Africa needs to trade in carbon credits to reduce greenhouse gas emissions, finance the transition to renewable energy, and boost economic development, the United Nations Economic Commission for Africa (UNECA) says.
Carbon credits present an opportunity for African countries – many dependent on fossil fuels for energy – to protect themselves against climate change while raising much-needed finance for the transition to renewable energy transition, said Jean-Paul Adam, Director for Technology, Climate Change and Natural Resources Management Division at UNECA.
Carbon credits are globally traded commodities or permits that allow the emission of one tonne of CO2 or one tonne of carbon dioxide equivalent gases to be traded on national or international carbon markets. These credits, which can be used to boost economic growth and attract financing for various projects, are traded on the carbon offset markets.
By selling carbon credits, African countries can also tackle climate change by protecting their forests which absorb and store a measured amount of carbon. Besides, the carbon credits can also be sold as ‘offsets’ to companies unable to cut pollution to reduce emissions elsewhere.
Lack of finance and capacity to trade on the global carbon markets are hurdles for African countries have to overcome in the growing global carbon markets, where the carbon pricing revenue increased by almost 60 percent last year to about $84 billion, according to the World Bank.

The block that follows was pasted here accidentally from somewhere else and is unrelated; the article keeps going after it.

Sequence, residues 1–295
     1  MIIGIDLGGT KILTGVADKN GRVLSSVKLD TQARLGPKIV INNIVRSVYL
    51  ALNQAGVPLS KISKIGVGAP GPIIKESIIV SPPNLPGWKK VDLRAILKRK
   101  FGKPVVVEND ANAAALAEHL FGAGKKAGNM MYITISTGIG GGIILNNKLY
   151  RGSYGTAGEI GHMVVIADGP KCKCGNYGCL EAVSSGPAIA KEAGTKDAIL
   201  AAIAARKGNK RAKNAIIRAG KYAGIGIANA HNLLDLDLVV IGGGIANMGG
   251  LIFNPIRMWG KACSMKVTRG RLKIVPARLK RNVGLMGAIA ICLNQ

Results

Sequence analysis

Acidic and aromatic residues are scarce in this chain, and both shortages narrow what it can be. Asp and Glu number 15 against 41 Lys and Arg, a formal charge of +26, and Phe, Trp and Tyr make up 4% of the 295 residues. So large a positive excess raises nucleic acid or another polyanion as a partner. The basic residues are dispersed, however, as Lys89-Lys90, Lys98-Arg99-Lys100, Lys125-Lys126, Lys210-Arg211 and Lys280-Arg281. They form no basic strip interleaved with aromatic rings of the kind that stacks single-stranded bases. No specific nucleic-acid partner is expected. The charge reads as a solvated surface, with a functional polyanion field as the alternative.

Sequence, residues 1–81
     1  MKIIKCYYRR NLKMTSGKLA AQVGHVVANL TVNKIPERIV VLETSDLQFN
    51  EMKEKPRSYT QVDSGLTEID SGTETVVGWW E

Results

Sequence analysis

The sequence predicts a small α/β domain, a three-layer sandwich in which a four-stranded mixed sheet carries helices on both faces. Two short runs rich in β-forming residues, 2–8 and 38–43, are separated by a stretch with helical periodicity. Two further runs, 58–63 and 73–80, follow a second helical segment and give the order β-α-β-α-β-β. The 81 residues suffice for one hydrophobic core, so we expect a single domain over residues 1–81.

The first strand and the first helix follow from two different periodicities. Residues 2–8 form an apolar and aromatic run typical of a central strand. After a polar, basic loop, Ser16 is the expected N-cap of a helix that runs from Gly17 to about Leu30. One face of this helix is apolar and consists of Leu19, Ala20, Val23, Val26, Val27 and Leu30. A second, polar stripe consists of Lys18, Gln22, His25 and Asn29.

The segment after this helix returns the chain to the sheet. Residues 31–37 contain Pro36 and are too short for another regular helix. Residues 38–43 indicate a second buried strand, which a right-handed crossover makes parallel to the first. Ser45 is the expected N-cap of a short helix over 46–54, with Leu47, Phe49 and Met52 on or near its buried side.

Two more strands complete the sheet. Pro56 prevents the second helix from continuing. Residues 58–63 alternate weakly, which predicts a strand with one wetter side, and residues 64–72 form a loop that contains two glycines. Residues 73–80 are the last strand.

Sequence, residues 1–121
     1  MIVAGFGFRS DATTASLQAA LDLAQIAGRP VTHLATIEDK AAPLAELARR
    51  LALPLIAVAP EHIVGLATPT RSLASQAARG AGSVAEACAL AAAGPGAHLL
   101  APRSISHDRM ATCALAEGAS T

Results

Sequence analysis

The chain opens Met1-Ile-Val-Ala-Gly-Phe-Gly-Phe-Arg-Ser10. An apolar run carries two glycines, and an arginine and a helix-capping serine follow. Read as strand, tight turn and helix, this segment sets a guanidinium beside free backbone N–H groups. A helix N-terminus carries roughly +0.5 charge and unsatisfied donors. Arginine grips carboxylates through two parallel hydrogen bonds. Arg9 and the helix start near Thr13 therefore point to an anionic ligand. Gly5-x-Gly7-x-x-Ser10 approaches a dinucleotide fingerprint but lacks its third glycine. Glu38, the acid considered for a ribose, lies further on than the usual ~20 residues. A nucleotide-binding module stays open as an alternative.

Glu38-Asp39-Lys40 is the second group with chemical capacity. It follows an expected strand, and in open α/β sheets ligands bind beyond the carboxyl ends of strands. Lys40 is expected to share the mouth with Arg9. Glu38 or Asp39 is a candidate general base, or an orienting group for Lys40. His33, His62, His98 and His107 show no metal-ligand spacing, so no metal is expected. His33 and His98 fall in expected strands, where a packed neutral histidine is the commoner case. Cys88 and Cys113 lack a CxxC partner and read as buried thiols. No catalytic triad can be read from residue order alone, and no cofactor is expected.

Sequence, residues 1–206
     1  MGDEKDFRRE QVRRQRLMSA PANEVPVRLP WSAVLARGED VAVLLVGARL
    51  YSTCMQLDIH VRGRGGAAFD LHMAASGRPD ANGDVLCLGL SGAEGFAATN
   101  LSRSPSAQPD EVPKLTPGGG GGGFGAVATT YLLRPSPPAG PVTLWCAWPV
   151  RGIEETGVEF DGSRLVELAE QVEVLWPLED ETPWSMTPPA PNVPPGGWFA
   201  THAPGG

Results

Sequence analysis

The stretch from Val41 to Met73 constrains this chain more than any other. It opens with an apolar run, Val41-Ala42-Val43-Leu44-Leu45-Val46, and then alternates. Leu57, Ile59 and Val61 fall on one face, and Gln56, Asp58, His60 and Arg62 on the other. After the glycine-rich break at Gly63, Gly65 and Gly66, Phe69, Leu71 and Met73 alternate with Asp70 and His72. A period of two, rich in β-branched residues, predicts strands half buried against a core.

Cashing in on carbon credits
Africa suffers energy insecurity, as seen in chronic power load shedding and blackouts that have a huge cost on people’s livelihoods and economic growth.
Fossil fuels dominate Africa’s energy mix, which comprises crude oil, coal, natural gas, hydropower, wind, and solar power. Africa is an untapped market for carbon trading. About two percent of global investments in renewable energy in the last two decades were made in Africa, according to the International Renewable Energy Agency (IRENA) report.
But letting go of fossil fuels is a catch-22 situation for African countries. Many could lose essential revenue and risk stranded natural resources as the world demand for fossil fuels declines in favour of renewable energy.
According to the African Development Bank, more than 600 million people in Africa have no access to energy, and the continent has some of the world’s lowest electricity access rates for African countries at just over 40 percent.
The UNECA is supporting African countries to raise their resources reliably and transparently through carbon trading, said Adam, noting the need for an appropriate supervisory body for transparent carbon credit trading.
He said that African countries are the guardians of some of the world’s important carbon removing assets. Large-scale natural and land-based assets can enable African countries to meet 30 percent of the world’s sequestration needs by 2050.
“We know that the rate of deforestation in Africa is the highest in all regions of the world, and therefore a well-structured carbon credit system can allow African countries to protect at-risk resources and generate income from the protection of those resources,” said Adam.